"We are recommending that CBFC should not be using scissors on any film. We are suggesting that in addition to different classifications that we have - we should have two categories of U/A, one plus 12 years of age and one plus 15 years of age and two categories of adult, one is normal adult and another adult with caution," Mr Benegal told reporters.
The committee constituted by the Information and Broadcasting Ministry on January 1 to take a relook at the functioning of the controversy-ridden board, submitted its report to I&B minister Arun Jaitley today.
Apart from Mr Benegal, the panel includes actor Kamal Haasan, filmmaker Rakeysh Omprakash Mehra, Piyush Pandey, Goutam Ghose, Bhawana Somaaya and senior officials of the I&B ministry.
The committee, however, suggested that the Central Board of Film Certification can refuse certification if a film contains anything that contravenes the provisions of Section 5B (1) of the Cinematograph Act, 1952. As per this section, a film shall not be certified if the competent authority feels that it or a part of it is against the interests of the sovereignty and integrity of India, the security of the State, friendly relations with foreign States, public order, decency or morality, or involves defamation or contempt of court or is likely to incite the commission of any offence.
Another case when the panel has recommended that the CBFC can refuse certification is when the "content in a film crosses the ceiling laid down in the highest category of certification."
As per the recommendations, the filmmaker must specify the category of certification being sought and the target audience.
The committee has said the Censor Board chairman should only play the role of a guiding mechanism for the CBFC and not be involved in the day-to-day affairs of certification of films.
The functions of the board shall be confined to the duties defined in the existing CBFC rules, which include an annual review of CBFC work, submission of annual report to the government, review of public reactions to films, and periodic recommendations for revision of guidelines.
"Given these limited functions, the size of the board should be compact with one member representing each regional office. Therefore, the total composition of the board should not be more than nine members and one chairman," the panel recommended.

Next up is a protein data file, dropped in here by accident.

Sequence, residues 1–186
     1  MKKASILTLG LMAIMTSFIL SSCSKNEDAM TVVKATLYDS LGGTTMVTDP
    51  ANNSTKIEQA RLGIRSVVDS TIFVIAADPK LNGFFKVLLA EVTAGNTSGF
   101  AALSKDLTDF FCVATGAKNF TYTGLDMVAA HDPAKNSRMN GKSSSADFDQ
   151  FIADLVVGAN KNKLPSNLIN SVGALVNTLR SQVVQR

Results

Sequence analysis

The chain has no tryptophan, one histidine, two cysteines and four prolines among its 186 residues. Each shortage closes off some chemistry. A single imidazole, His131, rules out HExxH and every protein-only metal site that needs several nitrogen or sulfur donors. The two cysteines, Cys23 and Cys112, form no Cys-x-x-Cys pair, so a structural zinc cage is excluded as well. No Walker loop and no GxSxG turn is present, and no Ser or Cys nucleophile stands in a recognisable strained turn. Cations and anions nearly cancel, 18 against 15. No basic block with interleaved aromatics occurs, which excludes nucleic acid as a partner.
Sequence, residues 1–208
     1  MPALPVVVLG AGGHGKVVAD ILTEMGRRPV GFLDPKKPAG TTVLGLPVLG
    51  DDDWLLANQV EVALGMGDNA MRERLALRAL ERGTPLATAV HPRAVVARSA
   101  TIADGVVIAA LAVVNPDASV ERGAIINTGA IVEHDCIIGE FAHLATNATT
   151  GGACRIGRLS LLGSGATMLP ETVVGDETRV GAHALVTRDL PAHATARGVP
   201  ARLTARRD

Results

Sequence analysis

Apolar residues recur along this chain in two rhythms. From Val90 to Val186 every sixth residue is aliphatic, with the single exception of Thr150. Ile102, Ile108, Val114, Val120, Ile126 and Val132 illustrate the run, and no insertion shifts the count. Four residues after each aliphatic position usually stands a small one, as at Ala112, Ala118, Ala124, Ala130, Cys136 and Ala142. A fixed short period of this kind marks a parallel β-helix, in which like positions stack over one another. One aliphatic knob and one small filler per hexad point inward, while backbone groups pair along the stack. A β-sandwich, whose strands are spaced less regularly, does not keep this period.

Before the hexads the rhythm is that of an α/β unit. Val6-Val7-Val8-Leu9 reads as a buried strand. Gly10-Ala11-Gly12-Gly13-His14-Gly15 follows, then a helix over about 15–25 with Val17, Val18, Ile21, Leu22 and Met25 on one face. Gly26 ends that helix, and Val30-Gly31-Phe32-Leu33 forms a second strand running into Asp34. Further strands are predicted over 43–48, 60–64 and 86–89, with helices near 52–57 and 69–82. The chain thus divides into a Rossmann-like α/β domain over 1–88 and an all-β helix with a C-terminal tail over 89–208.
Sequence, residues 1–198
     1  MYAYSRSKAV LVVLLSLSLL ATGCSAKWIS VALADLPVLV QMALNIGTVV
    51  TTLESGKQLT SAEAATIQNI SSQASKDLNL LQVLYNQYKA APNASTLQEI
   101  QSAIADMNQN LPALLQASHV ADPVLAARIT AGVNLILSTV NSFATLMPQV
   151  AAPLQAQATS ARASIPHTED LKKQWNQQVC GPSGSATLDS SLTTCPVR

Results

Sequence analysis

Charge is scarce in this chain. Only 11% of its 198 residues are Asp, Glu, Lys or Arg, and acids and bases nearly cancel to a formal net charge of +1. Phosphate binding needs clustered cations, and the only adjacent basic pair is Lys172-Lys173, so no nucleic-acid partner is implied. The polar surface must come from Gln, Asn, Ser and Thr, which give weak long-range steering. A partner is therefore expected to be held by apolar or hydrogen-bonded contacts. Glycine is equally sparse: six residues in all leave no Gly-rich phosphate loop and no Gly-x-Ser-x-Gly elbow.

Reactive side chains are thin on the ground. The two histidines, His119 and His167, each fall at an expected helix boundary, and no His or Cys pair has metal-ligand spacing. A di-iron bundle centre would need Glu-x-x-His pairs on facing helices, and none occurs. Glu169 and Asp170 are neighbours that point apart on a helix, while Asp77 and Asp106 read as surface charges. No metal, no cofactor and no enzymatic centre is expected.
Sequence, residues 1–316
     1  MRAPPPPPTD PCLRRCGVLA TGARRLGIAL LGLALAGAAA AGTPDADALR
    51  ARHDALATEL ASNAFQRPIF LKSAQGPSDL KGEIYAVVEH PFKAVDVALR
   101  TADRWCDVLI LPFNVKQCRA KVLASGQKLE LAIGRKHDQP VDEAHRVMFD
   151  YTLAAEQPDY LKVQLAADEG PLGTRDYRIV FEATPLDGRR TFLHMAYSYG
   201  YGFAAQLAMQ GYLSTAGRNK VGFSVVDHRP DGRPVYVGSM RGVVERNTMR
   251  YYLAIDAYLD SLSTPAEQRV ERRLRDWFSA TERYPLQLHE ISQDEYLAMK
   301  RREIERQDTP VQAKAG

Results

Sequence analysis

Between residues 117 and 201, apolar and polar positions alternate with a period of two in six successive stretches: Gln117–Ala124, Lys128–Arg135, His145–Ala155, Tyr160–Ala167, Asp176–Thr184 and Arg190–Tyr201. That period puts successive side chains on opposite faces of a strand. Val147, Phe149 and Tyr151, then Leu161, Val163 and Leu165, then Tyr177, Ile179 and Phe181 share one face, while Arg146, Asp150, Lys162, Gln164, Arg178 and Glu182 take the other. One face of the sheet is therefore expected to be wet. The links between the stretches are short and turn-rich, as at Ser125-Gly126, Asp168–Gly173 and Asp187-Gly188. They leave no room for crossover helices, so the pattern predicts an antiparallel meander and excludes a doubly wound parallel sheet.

The Censor Board, especially during the term of its present chairman Pahlaj Nihalani, has been hit by several controversies. Days before the panel was set up, Mr Jaitley had said he would want the CBFC to be "controversy free."
While the Shyam Benegal-led panel has given its recommendations on various aspects, it has sought some more time to give recommendations on issues relating to clearances to be obtained from the Animal Welfare Board under the Prevention of Cruelty to Animals Act and aspects related to depiction of smoking in films.
The Committee shall give their recommendations on these issues by June 20.
The panel has also suggested online submission of applications as well as simplification of forms and accompanying documentation. Recertification of a film for purposes of telecast on television or for any other purpose should be permitted, it has held.
Out-of-turn certification may be permitted for which the applicant would have to pay five times the fee that would have to be paid if the certification were done in the normal course, it said.
Regarding the Regional Advisory Panel, the committee has laid down the criteria for appointments as per which women should have 50 per cent representation on each panel.
All 9 regions, the committee said, will have advisory panels comprising people who are acquainted with the languages being certified by that regional office.
According to the recommendations, members from all walks of life, recommended by National Film Development Corporation (NFDC), should form 25 per cent of the members while members of the general public recommended by the FFSI (Federation of Film Societies of India) should form another 25 per cent.
Members recommended by the National Council for Protection of Child Rights (NCPCR) and National Commission of Women (NCW) should constitute another 25 per cent, the panel recommended.
Representatives of the local film industry, as recommended by Film Federation of India should form the remaining 25 per cent on these panels.
In order to preserve Indian cinema, the committee recommended every applicant be asked to deposit the Director's Cut in the NFAI for preservation of Indian cinema, instead of the certified version, in order to truly reflect the cinematic history of films.
In the event complaints are received by the central government, the same shall be referred to the CBFC. The chairperson may, if he considers it necessary to do so, refer the film to a revising committee for examination once again, on account of alleged violation of Section 5B(1) of the Cinematograph Act, 1952.
According to a statement released by the I&B ministry, the objectives of the guidelines is that children and adults are protected from potentially harmful or unsuitable content while audiences, particularly parents, are empowered to make informed viewing decisions.
It is also aimed that artistic expression and creative freedom are not unduly curbed in the process of classification of films while keeping the certification process responsive to social change.
As per the report, the certification of films shall be carried out in accordance with the guidelines proposed for certification that have been split into three sections, with each section required to be read with the other two - general guidelines, issue related guidelines and category specific guidelines.